Wellington Woods is an off-grid retreat property situated on 160+- acres of predominately wooded land in the town of Wellington, ME. The off-grid home is a modern house with a drilled well and septic. The home has an insulated poured concrete full walk-out basement. The home is wood frame, well insulated and tastefully finished with lots of wood. It has 1120 +- feet of finished living space. The first floor has a full bath, master bedroom and an open concept kitchen, dining and living area. The second floor has a bedroom and there is a loft area on the opposite side of the great room with a ladder used for access. There is lots of built in storage areas too. Electrical power is provided by a Generac generator in conjunction with solar panels and battery storage with an Outback inverter. This is a turnkey opportunity to obtain an exceptional property that can be used for recreation or as a full time home.
The town of Wellington is located in Piscataquis county near Kingsbury Pond. Wellington has a population of 260 individuals, according to the 2010 census results. The area is very rural. Logging and outdoor recreation being the predominant industries. There is a small amount of local farming in the immediate area as well.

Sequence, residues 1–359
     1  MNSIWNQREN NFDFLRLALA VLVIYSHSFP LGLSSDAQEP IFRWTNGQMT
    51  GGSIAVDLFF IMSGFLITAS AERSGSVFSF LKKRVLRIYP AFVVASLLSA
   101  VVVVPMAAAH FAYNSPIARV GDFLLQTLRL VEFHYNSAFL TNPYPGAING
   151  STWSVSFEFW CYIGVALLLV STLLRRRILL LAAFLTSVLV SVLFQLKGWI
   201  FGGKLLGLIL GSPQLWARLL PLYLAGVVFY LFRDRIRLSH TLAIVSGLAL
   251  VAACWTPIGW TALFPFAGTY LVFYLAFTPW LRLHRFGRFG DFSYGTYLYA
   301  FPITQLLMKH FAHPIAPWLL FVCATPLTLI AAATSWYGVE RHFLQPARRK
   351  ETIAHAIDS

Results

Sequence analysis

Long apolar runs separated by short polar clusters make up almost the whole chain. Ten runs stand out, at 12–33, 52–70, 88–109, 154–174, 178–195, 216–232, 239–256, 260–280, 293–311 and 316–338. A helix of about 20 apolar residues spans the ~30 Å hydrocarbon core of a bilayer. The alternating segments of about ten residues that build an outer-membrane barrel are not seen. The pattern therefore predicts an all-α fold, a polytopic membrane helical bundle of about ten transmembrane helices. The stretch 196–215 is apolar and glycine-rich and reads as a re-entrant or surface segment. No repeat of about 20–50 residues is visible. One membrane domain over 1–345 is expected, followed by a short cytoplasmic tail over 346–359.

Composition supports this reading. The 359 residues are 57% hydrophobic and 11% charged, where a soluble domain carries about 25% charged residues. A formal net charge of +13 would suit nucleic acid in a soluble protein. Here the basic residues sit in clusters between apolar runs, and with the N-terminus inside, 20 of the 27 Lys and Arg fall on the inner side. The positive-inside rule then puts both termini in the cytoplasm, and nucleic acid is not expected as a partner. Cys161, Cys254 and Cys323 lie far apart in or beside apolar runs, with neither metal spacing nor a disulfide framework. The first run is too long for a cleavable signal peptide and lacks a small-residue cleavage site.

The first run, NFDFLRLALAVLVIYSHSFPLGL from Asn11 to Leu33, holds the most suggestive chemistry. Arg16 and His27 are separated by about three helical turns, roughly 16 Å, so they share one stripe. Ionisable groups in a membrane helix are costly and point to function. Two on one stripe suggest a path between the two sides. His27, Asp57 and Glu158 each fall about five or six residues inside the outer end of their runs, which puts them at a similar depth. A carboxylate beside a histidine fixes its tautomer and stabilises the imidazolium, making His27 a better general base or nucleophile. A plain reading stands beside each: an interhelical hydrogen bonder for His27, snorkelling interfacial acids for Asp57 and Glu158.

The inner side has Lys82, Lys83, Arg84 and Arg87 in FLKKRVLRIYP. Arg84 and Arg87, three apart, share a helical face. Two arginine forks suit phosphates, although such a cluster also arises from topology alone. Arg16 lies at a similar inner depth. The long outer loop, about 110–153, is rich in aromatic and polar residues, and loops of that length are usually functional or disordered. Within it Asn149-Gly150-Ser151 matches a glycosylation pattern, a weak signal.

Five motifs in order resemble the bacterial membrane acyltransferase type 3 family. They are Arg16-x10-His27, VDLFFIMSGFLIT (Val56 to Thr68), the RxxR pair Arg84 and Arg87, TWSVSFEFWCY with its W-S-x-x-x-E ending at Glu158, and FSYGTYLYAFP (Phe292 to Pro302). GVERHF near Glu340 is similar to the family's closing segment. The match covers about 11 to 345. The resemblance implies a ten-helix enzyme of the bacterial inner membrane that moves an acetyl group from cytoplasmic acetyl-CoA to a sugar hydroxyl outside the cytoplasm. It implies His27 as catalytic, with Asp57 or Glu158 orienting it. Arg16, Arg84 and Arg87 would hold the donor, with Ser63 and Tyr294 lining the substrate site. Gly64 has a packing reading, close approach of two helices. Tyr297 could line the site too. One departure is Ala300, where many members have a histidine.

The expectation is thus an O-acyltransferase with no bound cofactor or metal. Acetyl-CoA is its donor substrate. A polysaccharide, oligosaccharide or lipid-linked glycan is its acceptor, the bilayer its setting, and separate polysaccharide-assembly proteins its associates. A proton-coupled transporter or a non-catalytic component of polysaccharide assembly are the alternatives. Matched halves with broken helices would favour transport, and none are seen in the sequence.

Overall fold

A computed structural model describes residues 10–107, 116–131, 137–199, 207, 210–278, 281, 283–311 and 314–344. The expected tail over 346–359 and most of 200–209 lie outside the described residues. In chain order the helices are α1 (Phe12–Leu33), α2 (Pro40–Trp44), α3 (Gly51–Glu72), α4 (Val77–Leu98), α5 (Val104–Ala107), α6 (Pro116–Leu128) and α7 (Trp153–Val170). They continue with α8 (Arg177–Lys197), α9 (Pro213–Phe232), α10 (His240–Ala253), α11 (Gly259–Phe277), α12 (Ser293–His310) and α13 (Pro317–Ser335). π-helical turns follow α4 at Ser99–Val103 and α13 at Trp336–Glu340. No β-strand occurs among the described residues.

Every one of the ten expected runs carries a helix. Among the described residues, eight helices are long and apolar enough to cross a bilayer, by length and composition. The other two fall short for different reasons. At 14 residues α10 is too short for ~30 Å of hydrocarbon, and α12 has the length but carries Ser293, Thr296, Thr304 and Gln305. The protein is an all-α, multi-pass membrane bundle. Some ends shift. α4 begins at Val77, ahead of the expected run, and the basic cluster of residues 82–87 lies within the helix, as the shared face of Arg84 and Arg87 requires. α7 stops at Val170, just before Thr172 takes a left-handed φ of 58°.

There are large tracts of working forests with a vast interconnected trail network for atv and snowmobile enthusiasts to enjoy. Hunting, fishing and camping are all pursuits that are pursued in this area. Numerous cottages and camps are scattered along the main roadways where vacationers come to unplug and get reinvigorated.
Kingsbury Pond which is a salmon and trout fishery is just a short drive from the Wellington Woods property and has a public boat launch. Numerous trout streams meander through the surrounding landscape, and there is one located right on the property. The 160+- acre parcel has several large apple trees that are just a short walk up the hillside behind the home. Numerous hazelnut trees line the forested trail to the orchard. The meadow in the front of the home is often visited by deer, moose and other wildlife species. The woods are of a mixed wood and in an early successional stage.